Several affiliates of Planned Parenthood sued the U.S. Department of Health and Human Services on Friday over its efforts to impose an abstinence-only focus on its Teen Pregnancy Prevention Program that has served more than 1 million young people.
The lawsuits were filed in federal courts in New York City and Spokane, Washington, by four different Planned Parenthood affiliates covering New York City and the states of Alaska, Hawaii, Idaho, Iowa, Nebraska and Washington.
Planned Parenthood says the lawsuits are intended to protect the Teen Pregnancy Prevention Program from what they termed ineffective abstinence-only-until-marriage curriculums.
“Young people have the right to the information and skills they need to protect their health,” Dawn Laguens said in a press release, vice president of Planned Parenthood Federation of America. “The Trump-Pence administration is trying to impose their abstinence-only agenda on young people across the country.”
Evidence shows such programs do not work, Laguens said.
An email sent to the Health and Human Services public relations office was not immediately answered on Friday.
In previous court documents, the agency has said it has the right to change its funding priorities.
The Teen Pregnancy Prevention Program has served about 1.2 million teens in 39 states since it started in 2010. The Trump administration in April announced it would remake the program to push abstinence-only counseling.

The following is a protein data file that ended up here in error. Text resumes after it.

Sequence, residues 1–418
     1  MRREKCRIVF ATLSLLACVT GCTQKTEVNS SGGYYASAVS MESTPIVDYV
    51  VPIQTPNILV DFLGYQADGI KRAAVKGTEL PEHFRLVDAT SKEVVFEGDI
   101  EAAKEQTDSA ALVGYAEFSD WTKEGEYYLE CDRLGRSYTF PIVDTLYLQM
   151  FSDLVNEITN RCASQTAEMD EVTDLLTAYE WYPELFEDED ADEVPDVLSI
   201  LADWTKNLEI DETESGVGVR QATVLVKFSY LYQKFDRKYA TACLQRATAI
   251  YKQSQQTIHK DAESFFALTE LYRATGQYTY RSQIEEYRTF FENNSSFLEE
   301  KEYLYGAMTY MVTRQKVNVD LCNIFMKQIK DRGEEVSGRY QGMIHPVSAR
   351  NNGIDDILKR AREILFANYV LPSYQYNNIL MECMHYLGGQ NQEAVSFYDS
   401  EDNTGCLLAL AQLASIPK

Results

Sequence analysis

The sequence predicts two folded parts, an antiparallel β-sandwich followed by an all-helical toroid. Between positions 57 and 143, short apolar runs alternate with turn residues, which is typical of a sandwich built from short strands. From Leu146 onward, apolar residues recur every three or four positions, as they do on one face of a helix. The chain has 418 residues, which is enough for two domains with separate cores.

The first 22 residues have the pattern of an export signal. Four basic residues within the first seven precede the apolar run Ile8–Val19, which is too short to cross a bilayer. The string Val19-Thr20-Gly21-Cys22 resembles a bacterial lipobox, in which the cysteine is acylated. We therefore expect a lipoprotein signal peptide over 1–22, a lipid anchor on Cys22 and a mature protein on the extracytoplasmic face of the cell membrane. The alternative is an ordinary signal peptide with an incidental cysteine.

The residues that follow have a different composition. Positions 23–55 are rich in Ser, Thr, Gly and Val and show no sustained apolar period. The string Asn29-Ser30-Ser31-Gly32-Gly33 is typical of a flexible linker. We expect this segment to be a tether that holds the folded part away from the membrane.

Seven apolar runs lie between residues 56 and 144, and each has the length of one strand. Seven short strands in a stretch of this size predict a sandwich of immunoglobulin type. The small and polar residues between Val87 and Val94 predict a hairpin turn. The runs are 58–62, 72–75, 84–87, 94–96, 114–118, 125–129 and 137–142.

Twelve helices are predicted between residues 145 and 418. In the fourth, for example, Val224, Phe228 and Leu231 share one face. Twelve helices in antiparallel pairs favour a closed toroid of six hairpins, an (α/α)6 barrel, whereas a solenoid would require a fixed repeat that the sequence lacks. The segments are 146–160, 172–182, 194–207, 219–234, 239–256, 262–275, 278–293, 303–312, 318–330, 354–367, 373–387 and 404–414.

Last year, the agency informed recipients of 81 teen pregnancy prevention grants that it would terminate their grant agreements two years early, meaning this year. That decision was made after President Trump appointed Valerie Huber as chief of staff for the Office of Assistant Secretary of Health.
After her appointment, Huber wrote an article decrying the lack of federal funding for abstinence education and questioned the effectiveness of teen pregnancy prevention grants.
In April, a federal judge in Spokane blocked the Trump administration from cutting the grants. Judges in Seattle, Baltimore and Washington, D.C., have made similar rulings.
Supporters of the Teen Pregnancy Prevention Program credit it with helping to lower the teen pregnancy rate 41 percent since 2010. But the agency has issued past statements calling the program ineffective.
Congress created the $110 million program in 2010 to support and develop evidence-based ways to reduce teen pregnancy. In 2015, HHS awarded the 81 grants that were to last five years.